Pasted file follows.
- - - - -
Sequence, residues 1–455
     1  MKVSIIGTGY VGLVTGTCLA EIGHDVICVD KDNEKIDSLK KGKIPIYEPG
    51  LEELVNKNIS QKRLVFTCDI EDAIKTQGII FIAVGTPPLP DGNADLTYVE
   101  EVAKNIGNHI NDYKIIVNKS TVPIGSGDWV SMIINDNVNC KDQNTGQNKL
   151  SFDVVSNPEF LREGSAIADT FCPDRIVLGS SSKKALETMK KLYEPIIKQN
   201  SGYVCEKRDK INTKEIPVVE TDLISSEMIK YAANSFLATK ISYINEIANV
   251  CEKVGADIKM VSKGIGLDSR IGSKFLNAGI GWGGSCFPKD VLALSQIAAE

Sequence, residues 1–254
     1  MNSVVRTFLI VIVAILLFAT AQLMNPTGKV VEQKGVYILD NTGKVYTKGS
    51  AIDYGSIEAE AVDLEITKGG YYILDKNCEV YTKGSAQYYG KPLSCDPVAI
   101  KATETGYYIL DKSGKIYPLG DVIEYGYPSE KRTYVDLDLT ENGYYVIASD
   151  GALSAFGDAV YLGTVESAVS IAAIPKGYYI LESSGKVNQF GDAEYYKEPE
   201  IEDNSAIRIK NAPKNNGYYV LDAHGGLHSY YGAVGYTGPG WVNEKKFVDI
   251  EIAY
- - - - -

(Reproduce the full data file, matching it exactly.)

Sequence, residues 1–455
     1  MKVSIIGTGY VGLVTGTCLA EIGHDVICVD KDNEKIDSLK KGKIPIYEPG
    51  LEELVNKNIS QKRLVFTCDI EDAIKTQGII FIAVGTPPLP DGNADLTYVE
   101  EVAKNIGNHI NDYKIIVNKS TVPIGSGDWV SMIINDNVNC KDQNTGQNKL
   151  SFDVVSNPEF LREGSAIADT FCPDRIVLGS SSKKALETMK KLYEPIIKQN
   201  SGYVCEKRDK INTKEIPVVE TDLISSEMIK YAANSFLATK ISYINEIANV
   251  CEKVGADIKM VSKGIGLDSR IGSKFLNAGI GWGGSCFPKD VLALSQIAAE

Sequence, residues 1–254
     1  MNSVVRTFLI VIVAILLFAT AQLMNPTGKV VEQKGVYILD NTGKVYTKGS
    51  AIDYGSIEAE AVDLEITKGG YYILDKNCEV YTKGSAQYYG KPLSCDPVAI
   101  KATETGYYIL DKSGKIYPLG DVIEYGYPSE KRTYVDLDLT ENGYYVIASD
   151  GALSAFGDAV YLGTVESAVS IAAIPKGYYI LESSGKVNQF GDAEYYKEPE
   201  IEDNSAIRIK NAPKNNGYYV LDAHGGLHSY YGAVGYTGPG WVNEKKFVDI
   251  EIAY